Roman culture confronted many of the same questions about the paranormal and supernatural that we do. They worshiped the spirit of their dead ancestors in the festivals of Parentalia and Lemuria; ghost stories abounded. (Pliny the Younger wrote a letter to a friend, asking him if he believed in ghosts or whether he thought they were projections of people’s stress. Talk about modern!)
Kelli has always been fascinated by the study of ancient mystery cults and magic (her thesis was about suggestions of Orphic cult in Euripides’ Bacchae). Curses are one manifestation of how one person’s religion could be another’s magic. Necromancy (the raising of the dead) is another. The ancients also practiced spirit-raising, or exorcism.
References to the supernatural are not uncommon in the extent sources. For a literary look at how sibyls were thought to be “possessed” by a god, look no further than Virgil’s Aeneid.
THE CURSE-MAKER was inspired by Kelli’s interest in all forms of ancient “magic”, and how much commonality the ancient world has with our vampire and zombie obsessed culture. After all, the undead in Homer’s Odyssey hungered for blood … and drank it in order to communicate with the living.
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Did curses work? No one knows for sure. What we do know, thanks to archaeology, is that the act of placing a curse in order to procure a desired outcome (whether in a race, in love, in court, or as a victim of theft) was a common enough practice throughout the ancient world, even if illegal.
The famed Roman historian Tacitus discusses witchcraft and curses in his Annals; the third century historian Dio Cassius mentions them as well. These lead tablets—often folded, rolled or nailed before being deposited at a sacred location or placed in the hand of a corpse so that the dead spirit would “deliver” the parcel to an underworld deity—transcended centuries and culture.
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To give you an idea of how the curse persisted, consider this bit of doggerel on Shakespeare’s grave: “Good frend for Jesus sake forebeare,/ To digg the dust encloased heare;/ Bleste be the man that spares thes stones,/ And curst be he that moves my bones.” This is nothing more than a grave curse, common in the ancient world, formulated to protect against grave-robbing and the deposit of—you guessed it—a curse tablet in the deceased person’s hand. Shakespeare was no messenger boy.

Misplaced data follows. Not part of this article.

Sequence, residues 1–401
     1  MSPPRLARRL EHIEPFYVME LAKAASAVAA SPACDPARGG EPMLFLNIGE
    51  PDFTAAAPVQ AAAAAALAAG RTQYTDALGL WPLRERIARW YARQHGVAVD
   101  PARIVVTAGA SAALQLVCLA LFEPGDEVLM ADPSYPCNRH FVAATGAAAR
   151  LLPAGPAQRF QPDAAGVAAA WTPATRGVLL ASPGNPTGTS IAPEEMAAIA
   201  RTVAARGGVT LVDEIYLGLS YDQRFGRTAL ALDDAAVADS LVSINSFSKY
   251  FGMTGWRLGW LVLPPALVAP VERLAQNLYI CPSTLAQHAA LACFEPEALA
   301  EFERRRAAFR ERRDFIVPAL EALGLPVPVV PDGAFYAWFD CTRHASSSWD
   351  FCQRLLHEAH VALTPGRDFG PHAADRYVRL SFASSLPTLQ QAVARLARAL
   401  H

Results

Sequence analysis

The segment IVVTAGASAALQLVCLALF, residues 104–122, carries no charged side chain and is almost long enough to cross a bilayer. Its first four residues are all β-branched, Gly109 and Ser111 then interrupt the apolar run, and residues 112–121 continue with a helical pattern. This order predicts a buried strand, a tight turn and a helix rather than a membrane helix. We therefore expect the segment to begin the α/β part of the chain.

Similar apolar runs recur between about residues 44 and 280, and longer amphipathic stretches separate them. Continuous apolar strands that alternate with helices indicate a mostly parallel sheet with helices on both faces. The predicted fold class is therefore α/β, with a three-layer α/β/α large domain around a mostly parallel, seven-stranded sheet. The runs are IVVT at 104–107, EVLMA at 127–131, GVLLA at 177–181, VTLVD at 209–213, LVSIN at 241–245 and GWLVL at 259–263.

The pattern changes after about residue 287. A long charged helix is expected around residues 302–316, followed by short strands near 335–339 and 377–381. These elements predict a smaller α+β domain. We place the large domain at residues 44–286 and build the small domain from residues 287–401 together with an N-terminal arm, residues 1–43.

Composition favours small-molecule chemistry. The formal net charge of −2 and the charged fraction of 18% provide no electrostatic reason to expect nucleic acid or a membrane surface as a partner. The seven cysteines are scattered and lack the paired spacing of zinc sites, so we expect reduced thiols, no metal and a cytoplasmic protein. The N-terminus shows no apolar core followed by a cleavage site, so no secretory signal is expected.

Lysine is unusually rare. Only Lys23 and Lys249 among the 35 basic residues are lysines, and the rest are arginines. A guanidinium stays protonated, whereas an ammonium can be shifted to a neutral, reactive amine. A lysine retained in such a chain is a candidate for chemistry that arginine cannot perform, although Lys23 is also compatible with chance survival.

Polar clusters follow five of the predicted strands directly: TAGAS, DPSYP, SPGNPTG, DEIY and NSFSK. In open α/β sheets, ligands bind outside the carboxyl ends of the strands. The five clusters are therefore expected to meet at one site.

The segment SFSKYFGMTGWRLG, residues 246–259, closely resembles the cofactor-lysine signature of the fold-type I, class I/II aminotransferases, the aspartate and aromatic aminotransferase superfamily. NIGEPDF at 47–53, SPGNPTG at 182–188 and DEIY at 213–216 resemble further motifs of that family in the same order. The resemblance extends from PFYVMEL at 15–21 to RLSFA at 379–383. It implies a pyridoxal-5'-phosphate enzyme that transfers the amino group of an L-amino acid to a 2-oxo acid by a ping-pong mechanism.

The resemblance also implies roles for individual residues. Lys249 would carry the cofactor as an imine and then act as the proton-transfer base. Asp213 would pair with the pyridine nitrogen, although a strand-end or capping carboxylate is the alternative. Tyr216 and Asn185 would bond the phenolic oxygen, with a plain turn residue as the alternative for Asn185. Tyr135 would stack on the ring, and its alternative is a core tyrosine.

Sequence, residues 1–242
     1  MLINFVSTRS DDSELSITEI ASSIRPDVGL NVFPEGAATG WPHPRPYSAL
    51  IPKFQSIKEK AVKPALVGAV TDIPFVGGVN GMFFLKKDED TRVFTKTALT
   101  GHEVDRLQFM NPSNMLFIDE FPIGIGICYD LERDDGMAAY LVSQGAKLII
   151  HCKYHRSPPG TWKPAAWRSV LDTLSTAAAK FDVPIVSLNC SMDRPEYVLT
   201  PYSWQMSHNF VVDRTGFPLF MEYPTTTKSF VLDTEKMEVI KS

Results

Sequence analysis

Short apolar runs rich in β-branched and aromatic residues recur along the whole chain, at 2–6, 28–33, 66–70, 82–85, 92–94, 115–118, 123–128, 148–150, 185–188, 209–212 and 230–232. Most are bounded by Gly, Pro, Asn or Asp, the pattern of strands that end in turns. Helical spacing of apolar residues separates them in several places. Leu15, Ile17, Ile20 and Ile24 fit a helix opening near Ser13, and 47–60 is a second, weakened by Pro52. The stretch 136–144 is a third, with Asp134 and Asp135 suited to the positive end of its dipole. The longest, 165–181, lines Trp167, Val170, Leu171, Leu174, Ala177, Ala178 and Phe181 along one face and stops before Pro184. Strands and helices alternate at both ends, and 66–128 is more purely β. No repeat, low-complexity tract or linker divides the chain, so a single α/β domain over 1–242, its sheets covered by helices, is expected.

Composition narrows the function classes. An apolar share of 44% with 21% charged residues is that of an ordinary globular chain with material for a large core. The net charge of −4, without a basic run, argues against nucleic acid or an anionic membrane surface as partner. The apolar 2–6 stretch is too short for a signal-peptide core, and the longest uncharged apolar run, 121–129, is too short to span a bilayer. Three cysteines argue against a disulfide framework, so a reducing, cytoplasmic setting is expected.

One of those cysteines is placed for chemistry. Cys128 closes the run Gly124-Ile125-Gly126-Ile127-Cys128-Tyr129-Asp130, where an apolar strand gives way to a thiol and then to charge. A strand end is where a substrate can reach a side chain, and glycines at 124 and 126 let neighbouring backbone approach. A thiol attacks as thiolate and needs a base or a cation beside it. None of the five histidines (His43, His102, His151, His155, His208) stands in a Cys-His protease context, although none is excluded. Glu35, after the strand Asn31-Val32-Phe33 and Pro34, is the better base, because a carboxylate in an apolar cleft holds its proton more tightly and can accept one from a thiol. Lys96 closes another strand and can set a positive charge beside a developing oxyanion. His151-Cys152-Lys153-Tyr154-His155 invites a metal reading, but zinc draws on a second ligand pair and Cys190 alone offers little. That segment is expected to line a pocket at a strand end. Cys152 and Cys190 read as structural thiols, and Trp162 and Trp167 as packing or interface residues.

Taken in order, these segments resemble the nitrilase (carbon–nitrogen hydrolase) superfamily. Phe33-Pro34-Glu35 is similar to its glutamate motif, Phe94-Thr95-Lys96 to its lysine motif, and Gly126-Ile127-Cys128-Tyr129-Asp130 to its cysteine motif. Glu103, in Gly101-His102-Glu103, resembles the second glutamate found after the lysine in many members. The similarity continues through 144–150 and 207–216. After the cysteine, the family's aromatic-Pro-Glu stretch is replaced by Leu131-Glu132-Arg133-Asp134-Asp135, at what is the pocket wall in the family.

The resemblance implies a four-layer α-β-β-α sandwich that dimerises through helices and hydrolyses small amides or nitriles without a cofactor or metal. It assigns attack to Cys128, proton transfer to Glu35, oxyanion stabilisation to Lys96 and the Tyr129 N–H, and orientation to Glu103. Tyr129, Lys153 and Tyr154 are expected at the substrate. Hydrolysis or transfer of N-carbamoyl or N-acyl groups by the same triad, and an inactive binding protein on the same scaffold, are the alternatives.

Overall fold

Curses could be “fixed”—the Latin word for one is defixio, which means “to bind”—by folding, by rolling, or by nailing the tablet. Sometimes figurines have been found with nails “binding” them … just like the cover of THE CURSE-MAKER.
The curses of Roman Britain were remarkable in that they were predominantly concerned with theft, and seemed to function as a kind of “neighborhood watch” program. This unique role—and the remarkable preservation of many of the curses, along with the health-spa aura of Aquae Sulis itself—inspired Kelli’s novel. Much of what she describes is theory, but one based in sound and careful research.
No one seems to know much about Sulis–other than her identification with the Roman goddess Minerva (the Greek Athena). In fact, the temple pediment–probably the most famous image from the Roman site at Bath–seems to depict a bearded male god … a deity looking more like Neptune or Jupiter than the goddess of wisdom and war.
Two recovered gifts to Sulis really sparked Kelli’s imagination, and led to certain plot developments in THE CURSE-MAKER. One was a collection of gem stones, carved and uncarved. Another was a tin mask, apparently nailed into a wooden frame work. Click on the gallery above to view these special offerings.
How did these objects come to be deposited in the Sacred Spring, only to be recovered millennia later? Who threw them in and why? Read THE CURSE-MAKER for a possible answer …
If you’re interested in reading more about curses and magic in the ancient world, Kelli suggests the following sources:
Curse Tablets and Binding Spells from the Ancient World
John G. Gager (editor)
Arcana Mundi: Magic and the Occult in the Greek and Roman Worlds
Magic, Witchcraft and Ghosts in the Greek and Roman Worlds: A Sourcebook
Magika Hiera: Ancient Greek Magic and Religion
Christopher A. Faraone